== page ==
USF has suffered a budget cut that strips the University of approximately $51 million – but administrators aren’t sure how they’re going to cut spending.
They have, however, promised to limit the number of new students and eliminate some programs.
Summer classes will remain intact, and President Judy Genshaft has said the University must cut 15 percent off its budget.
“It hasn’t gotten any better or worse … (since) my Webcast,” Genshaft told the Faculty Senate’s Executive Committee on Wednesday. “Our vice presidents are working together to find a 15 percent decrease in our budget.”
She said these budget cuts would be more easily managed if the University improves three aspects ,including improving communication between different parts of the University, creating a tighter-knit infrastructure and working on a global initiative.
“We don’t want to get rid of these houses, but we need to prove we can do this centrally,” Genshaft said.
For the first time in 35 years, Florida is experiencing a severe economic downturn, resulting in a drop in tax collection and a decrease of the amount of state money available to State University System institutions like USF.
Usually, tax collections can be expected to grow 5 percent per year, but in 2007 it dropped by 2 percent and for 2008 is expected to drop by 3 percent, Provost Ralph Wilcox said.
“Florida isn’t the only state facing these economic challenges,” he said.
The core principles to uphold during these budget cuts are centrality, quality, demand and sustainability, he said. Keeping with these principles while enacting a 15-percent cut may force the University to hold off enrollment and include the “reduction, or perhaps elimination of, programs,” he said. The cut will also impact class size and admissions.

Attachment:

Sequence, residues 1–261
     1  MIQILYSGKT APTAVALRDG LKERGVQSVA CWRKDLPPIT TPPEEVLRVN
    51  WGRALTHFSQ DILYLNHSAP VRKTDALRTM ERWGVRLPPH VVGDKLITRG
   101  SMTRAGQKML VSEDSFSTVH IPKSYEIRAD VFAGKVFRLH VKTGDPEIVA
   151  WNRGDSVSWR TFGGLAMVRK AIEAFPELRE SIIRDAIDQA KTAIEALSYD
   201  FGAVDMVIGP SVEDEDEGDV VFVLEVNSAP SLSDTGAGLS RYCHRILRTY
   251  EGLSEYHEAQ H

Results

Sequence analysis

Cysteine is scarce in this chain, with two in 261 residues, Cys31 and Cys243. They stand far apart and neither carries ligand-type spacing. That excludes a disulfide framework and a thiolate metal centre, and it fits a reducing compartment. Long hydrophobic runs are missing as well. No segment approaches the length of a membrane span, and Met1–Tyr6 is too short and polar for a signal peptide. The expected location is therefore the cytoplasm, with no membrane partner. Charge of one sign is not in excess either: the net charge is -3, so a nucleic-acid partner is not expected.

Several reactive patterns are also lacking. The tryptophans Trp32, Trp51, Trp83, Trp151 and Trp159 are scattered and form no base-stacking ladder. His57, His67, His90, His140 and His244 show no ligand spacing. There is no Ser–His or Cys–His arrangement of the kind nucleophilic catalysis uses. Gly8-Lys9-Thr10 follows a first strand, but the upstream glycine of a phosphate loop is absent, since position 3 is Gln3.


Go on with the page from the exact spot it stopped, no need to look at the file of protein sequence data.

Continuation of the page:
Class sizes are not expected to come down any time soon, Wilcox said.
Summer course offerings will not be cut.
USF, however, will be reducing the number of students accepted.
“We’re in the process of reducing our enrollment plan by 7 percent,” he said.
Since freshman enrollment has already been frozen for 2008-2009, the admission of transfer and graduate students will be cut for that term, Wilcox said.
“The only way to maintain quality in the time of budget cuts is to limit student enrollment,” he said.
The money given to USF from the state proves that the state has an interest in higher education, Wilcox said. However, the lack of tuition money holds the University back, as in-state students’ rates are comparatively inexpensive and the high out-of-state rates discourage students from around the country, he said.
Even with a lack of students from different states, Florida is dead last in the nation when it comes to student-faculty ratio, with 31 students per faculty member. USF, the No. 2 research school in the state, comes in last when it comes to research space. A hold on enrollment may help address these issues, Wilcox said.
“If we’re wise, we will consider all sources as we sustain and position ourselves for the future,” he said.
Laurence Branch, a professor in the College of Health and vice president of the Faculty Senate, said faculty members are already struggling without the presence of this recent budget cut.
“I’m pleading with you … we have absolutely nothing at all comprehensible to what we should have,” he said.
Emmanuel Donchin, the chair of the psychology department, said this cut would compromise the education value of the University.
“You cannot maintain quality with a 15-percent budget cut,” he said.
The Executive Committee of Faculty Senate also discussed the new plus/minus grading system and an online course evaluation system. They recommended leaving the grading policy as it is – so that an A+ will have the same impact on a student’s GPA as an A – and endorsing Student Government’s (SG) proposal to make course evaluations available online instead of having to request the printed versions in the library. The committee recommended the evaluations become available through the Provost’s Web site and not SG’s, however.